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History of the Washington County
Sheriff's Office

The first elected Sheriff of Washington County, Maryland was George Hershey who served from 1777 to 1780. There have been 79 Sheriffs in the history of Washington County to date. One of the more interesting chapters in the unbroken chain of Sheriffs is the term of Sheriff George Swearingen who began his term in 1827, however it was ended prematurely when he was arrested, convicted and hung for the murder of his wife in 1829.

In 1838, the Maryland Constitution was changed to provide for a separate County Tax Collector, thus relieving the Sheriff of that responsibility. In 1850, the Sheriff's term of office was reduced to two years. It remained a two-year term until 1946 when it was increased to four-year terms. The four-year term remains in place today.

The longest serving Sheriff in the history of Washington County was Charles F. Mades who served from 1986 to 2006. He served five terms in office after retiring with 25 years with the Maryland State Police.

The present Sheriff, Douglas W. Mullendore, is in his second term as Sheriff. He was re-elected in 2010 and has been with the Sheriff's Office since January, 1982. He came up through the ranks within the Sheriff's Office and was first elected Sheriff in 2006.



According to the book, "A History of Washington County, Maryland from the Earliest Settlements to the Present Time" written by Thomas J.C. Williams, the first jail stood on the alley between Washington and Franklin Streets. It was a small structure of logs with holes to admit light because there were no windows. The best guess is that this jail was in use from the 1970s to 1826.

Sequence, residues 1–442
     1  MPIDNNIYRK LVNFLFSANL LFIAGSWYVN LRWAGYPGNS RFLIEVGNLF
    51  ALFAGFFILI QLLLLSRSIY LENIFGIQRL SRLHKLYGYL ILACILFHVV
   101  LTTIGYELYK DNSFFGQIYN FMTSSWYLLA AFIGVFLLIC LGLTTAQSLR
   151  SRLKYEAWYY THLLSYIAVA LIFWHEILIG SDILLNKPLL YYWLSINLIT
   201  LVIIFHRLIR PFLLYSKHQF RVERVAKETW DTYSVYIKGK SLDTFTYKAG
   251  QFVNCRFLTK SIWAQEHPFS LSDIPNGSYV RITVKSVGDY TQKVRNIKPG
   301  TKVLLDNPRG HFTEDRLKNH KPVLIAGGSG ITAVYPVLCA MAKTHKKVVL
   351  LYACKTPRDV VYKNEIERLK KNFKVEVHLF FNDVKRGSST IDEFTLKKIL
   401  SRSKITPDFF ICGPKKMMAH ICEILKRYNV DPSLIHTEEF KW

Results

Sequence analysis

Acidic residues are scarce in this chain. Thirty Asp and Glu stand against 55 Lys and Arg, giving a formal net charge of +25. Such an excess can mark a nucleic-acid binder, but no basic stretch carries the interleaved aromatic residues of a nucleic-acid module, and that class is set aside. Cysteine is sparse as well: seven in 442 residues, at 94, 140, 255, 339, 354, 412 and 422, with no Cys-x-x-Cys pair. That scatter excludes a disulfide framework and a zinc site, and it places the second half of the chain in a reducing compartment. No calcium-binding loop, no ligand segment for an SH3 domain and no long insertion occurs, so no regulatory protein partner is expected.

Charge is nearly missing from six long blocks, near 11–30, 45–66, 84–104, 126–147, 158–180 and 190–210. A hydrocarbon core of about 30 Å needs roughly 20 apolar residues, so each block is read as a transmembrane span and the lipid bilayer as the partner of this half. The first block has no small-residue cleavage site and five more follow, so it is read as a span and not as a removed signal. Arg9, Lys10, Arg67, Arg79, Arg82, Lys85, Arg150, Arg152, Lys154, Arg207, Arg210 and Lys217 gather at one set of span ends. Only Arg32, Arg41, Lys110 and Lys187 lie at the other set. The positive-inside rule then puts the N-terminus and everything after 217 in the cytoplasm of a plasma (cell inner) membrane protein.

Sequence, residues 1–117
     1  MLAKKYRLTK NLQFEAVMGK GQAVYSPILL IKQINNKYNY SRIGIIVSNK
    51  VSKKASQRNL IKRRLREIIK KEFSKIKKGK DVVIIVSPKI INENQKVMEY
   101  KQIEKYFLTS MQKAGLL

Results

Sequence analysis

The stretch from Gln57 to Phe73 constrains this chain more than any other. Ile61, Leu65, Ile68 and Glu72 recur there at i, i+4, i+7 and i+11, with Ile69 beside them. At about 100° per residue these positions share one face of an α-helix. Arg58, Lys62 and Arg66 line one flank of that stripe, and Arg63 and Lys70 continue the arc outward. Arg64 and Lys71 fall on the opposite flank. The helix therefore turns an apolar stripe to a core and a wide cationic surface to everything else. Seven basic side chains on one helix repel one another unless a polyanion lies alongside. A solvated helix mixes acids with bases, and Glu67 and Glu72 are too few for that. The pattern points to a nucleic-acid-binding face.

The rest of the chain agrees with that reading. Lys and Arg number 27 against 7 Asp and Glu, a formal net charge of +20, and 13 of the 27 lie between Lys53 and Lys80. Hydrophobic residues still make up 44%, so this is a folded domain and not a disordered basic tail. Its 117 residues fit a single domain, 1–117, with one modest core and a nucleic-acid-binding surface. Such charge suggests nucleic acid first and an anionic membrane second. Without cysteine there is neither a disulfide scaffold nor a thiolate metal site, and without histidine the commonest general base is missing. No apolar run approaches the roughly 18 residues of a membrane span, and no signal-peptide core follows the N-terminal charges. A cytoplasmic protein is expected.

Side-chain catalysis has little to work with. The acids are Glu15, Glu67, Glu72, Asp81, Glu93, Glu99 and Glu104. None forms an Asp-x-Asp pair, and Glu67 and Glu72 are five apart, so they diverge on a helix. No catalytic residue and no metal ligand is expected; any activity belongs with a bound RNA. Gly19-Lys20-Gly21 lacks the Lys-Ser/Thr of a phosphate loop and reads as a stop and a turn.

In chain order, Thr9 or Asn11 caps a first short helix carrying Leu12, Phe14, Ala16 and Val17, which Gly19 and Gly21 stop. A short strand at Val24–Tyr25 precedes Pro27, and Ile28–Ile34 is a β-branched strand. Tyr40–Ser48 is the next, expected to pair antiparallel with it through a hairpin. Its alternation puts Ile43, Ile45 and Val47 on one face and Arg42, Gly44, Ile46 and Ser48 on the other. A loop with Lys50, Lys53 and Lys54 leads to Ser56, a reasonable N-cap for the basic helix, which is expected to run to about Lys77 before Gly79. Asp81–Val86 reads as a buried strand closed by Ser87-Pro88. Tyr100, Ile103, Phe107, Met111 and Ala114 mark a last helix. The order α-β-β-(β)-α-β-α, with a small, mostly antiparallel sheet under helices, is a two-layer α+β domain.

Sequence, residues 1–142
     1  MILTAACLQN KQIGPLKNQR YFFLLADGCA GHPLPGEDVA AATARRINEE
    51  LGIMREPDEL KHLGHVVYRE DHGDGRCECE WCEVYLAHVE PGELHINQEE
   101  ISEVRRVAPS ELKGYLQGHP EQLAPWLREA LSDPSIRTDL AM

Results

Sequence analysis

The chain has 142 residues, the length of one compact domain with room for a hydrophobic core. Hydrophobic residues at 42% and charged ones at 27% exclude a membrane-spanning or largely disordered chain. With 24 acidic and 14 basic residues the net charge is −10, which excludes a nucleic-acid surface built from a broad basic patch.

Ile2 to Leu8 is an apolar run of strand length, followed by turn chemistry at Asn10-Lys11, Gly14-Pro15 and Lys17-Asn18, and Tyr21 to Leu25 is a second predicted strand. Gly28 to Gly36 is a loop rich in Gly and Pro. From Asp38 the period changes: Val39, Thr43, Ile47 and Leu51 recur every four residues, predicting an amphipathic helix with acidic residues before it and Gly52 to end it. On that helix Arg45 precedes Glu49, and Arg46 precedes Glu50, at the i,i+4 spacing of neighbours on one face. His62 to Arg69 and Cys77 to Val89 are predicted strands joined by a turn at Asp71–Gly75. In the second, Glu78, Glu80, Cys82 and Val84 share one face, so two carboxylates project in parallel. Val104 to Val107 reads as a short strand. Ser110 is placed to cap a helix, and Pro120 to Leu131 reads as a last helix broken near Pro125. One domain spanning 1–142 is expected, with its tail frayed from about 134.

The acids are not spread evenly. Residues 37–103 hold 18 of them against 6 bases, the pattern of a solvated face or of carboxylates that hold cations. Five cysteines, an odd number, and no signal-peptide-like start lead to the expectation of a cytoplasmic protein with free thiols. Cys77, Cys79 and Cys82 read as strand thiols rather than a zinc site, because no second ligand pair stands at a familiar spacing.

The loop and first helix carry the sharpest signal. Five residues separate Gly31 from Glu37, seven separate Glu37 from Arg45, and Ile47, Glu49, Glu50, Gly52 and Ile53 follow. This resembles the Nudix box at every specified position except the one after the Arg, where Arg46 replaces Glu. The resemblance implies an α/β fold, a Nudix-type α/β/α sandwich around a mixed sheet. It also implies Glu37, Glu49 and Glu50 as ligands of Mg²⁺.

A new County Jail and Sheriff's Quarters was constructed over an eight year period from 1818 to 1826 as a log house on N. Jonathan St, Hagerstown, Maryland. In 1857, a fire completely destroyed the jail, but left the Sheriff's residence still standing. The jail was rebuilt in 1858 and remodeled in 1888 at which time a second floor was added. Steel cages were also added which formed the cell blocks. Sometime after this period, the high walls were added that surrounded the entire building. At the conclusion of the remodeling, the jail's capacity was for 51 inmates.

The last hanging in Washington County occurred on June 30, 1916 when John Brown was hanged after being found guilty of murdering a Hagerstown Widow. Sheriff's during this time period did everything they could to accommodate the ever increasing inmate population which had grown to approximately 100 inmates by 1980. It was then decided by the Board of County Commissioners and the Sheriff to design and build a state-of-the-art Detention Center.

The Detention Center, located at 500 Western Maryland Parkway, Hagerstown, MD was constructed at a cost of $5.8 million and provided 56,395 square feet of space to hold a capacity of 162 inmates. In June, 1984 the inmates were transferred from the old jail to the new Detention Center. The old jail was demolished later that year. Some of the stones from the first floor of the old jail were used to build a memorial to all veterans in the Martin L. Snook Park, Hagerstown, Maryland.

In 1988 the population of the Detention Center has grown to the point it was decided to add a second bunk to each cell. Then in 1992 a Work Release/Jail Substance Abuse Program (JSAP) Unit was added. By 1996 the inmate population continued to grow and it was necessary to add another 76 bed housing unit.

In 2009, renovations to the Detention Center was started that created a Central Booking Unit on the front side of the Detention Center. The Central Booking Unit opened its doors on May 10, 2010. All Individuals arrested by any police officer in Washington County are now transported to Central Booking for processing. Construction of a 96 bed dormitory style housing unit was also started in 2010 and will be completed in September 2011.

All of the above construction has brought the general inmate population beds available to 387 males and 54 females in addition to special needs beds.

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